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The possibility of residents of Mono receiving high-speed Internet surfaces might be closer to the horizon than was originally thought.
At last week's council meeting, Dan Gibbons, a representative of Shared Network Canada, presented council members with some possible locations to erect wireless high-speed Internet towers, which could then be rented out to any interested Internet providers.
Shared Network Canada (SNC) is a new company, created in October 2014, and comprised exclusively of people who have worked in the consulting field for telecommunication providers for towers.
“In America, approximately 90-95 percent of communication towers that currently exist are owned by third-party companies like us,” explained Mr. Gibbons. “In Canada, over 90 percent of towers are owned by communication carriers. This has created a situation where companies pitch towers to communities one at a time, and each company has their own towers, causing much redundancy in service, lack of options, or dead space.”
The company's model aims at creating a number of third-party towers throughout Ontario, which could then be leased to any service provider that wants to provide any form of radio services, including communication, public safety and Internet.
According to Mr. Gibson, utilizing a third-party company, such as SNC, opens up the possibility not just for total coverage, but for a much larger variety of service providers through the leasing option.
“We like to design our network around the service providers' requirements, because they are the ones that make up the bulk of our revenue for our service,” he said. “We also see some of the smaller businesses like Xplornet, who would love to provide for rural areas like this, but are often prevented due to the high costs of implementing their own towers or rental costs from companies like Bell and Rogers.”
The discussion surrounding the implementation of high-speed Internet in Mono has come up quite frequently over the past year, and has often ended with the conclusion that the current options would either cost too much to the residents, or would still be unable to provide town-wide coverage.
One benefit to allowing SNC to erect their towers, would be that the development, maintenance, and removal (should no communications companies become interested in renting), is done at cost to SNC, rather than the town.
“If there came an instance where we had to decommission the towers, it is all our responsibility,” said Mr. Gibbons. “We don't typically remove the entire foundation, but we remove the rest of the equipment.”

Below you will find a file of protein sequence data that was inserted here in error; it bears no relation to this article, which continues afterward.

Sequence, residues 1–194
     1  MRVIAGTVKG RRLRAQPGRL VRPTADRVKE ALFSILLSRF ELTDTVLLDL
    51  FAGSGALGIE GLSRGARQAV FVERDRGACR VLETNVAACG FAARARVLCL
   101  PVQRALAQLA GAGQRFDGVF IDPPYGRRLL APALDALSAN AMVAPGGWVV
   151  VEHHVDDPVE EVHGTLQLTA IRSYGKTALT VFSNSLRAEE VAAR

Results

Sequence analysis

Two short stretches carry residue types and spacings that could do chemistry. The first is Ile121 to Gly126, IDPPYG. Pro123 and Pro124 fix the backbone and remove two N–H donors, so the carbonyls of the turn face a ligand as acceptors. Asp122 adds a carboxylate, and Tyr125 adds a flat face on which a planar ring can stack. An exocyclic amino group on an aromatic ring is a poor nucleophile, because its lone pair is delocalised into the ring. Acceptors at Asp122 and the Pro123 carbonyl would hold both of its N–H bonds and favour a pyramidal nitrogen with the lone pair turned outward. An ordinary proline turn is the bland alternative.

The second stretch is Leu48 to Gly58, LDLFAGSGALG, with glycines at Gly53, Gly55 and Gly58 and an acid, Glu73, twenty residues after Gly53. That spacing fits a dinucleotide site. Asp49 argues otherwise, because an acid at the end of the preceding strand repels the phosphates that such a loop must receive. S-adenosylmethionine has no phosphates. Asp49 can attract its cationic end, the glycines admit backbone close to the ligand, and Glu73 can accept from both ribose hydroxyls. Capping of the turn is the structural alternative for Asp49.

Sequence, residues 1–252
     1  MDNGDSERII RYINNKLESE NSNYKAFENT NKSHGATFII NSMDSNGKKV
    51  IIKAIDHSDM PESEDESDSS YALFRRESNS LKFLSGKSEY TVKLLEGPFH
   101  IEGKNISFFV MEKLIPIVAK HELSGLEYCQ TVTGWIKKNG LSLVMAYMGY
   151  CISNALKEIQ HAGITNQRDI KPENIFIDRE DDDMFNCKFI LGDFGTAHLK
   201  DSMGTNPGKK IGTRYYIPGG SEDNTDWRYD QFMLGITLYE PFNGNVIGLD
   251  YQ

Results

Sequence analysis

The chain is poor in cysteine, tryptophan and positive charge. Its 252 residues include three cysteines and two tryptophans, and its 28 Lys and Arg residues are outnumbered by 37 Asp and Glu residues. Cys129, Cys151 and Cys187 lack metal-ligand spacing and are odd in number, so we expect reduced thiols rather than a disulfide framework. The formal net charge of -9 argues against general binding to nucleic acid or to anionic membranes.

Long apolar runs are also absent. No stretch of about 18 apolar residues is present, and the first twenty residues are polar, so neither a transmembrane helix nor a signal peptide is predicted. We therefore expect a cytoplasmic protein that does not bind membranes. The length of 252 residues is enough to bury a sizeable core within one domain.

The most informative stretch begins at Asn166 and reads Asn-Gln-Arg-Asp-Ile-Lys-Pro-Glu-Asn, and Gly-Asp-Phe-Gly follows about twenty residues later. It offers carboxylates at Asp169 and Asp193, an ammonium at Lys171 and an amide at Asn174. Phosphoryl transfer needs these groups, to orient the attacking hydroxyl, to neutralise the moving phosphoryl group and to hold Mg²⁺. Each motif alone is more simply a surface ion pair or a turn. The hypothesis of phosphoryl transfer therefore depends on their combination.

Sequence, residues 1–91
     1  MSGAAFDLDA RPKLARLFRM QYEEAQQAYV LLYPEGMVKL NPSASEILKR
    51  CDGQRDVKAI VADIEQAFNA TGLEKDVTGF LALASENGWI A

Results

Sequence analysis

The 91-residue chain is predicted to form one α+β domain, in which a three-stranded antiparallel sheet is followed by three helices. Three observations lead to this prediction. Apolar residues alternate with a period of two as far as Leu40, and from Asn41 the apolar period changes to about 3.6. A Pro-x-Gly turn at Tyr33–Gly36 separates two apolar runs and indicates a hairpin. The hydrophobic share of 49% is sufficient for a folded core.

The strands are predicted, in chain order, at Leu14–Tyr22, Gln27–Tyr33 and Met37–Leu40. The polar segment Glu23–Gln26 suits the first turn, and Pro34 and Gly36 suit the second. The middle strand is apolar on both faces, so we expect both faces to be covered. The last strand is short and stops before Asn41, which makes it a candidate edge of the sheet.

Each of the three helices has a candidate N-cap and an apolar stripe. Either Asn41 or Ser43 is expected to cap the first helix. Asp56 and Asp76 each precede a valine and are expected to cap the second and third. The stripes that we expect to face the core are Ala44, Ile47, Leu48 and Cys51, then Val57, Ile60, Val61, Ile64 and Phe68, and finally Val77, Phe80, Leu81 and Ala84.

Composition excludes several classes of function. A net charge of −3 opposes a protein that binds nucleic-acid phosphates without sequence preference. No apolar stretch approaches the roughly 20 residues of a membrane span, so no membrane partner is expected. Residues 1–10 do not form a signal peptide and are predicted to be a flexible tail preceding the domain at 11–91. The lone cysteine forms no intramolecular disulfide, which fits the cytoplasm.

He also stated that they take care of the roadways and necessary requirements for the service providers to pursue any maintenance of the towers.
Through mapping the area, SNC was able to look at the existing Internet levels throughout the town and identified various gaps in current coverage. He added that because of the layout of the town, between the current provider tower gaps, the cost of bringing in a fixed line Internet, such as a fibre line, would never be a cost effective path.
“In rural areas, it becomes very expensive to look at implementing any form of fixed Internet,” he explained. “Wireless is the only option. We plan our towers strategically, rather than waiting for a network to show up, which will allow us to provide more services to the town.”
He added that another benefit to pursuing the implementation of the towers through SNC is that the town would have the opportunity to be more involved in what kind of ‘product' their residents would be receiving.
“When we plan in advance like this, it allows the town to be more involved in the decision making process of who they want to provide services to, and what kind of services are provided,” he said. “We lease the space to build the tower, and this doesn't cost the Town. It's our risk to build it, and it's our risk if they choose not to come.”
One concern Deputy Mayor Ken McGhee brought up was the appearance of the towers.
“We would be interested to see what your towers look like, as we are very concerned about our environment,” said Deputy Mayor McGhee. “As a member of the Niagara Escarpment Commission, one of the main concerns around the approval of towers is their visual impact.”
Mr. Gibbons was able to reassure council that SNC has done their research into the kinds of towers the NEC likes to see.
“In dealing with the NEC, we know they prefer to have taller, skinnier towers,” he said. “But, we can basically design any tower the town would like, so long as it remains within the revenue or costs we are dealing with.”
The initial proposal includes three sites, with a tower to be installed at the town works yard, the municipal dump on the Third Line EHS and at the corner of 10 Sideroad and Mono-Amaranth Townline.
Post date: 2015-01-21 18:16:22
Post date GMT: 2015-01-21 23:16:22
Post modified date: 2015-01-28 17:45:13
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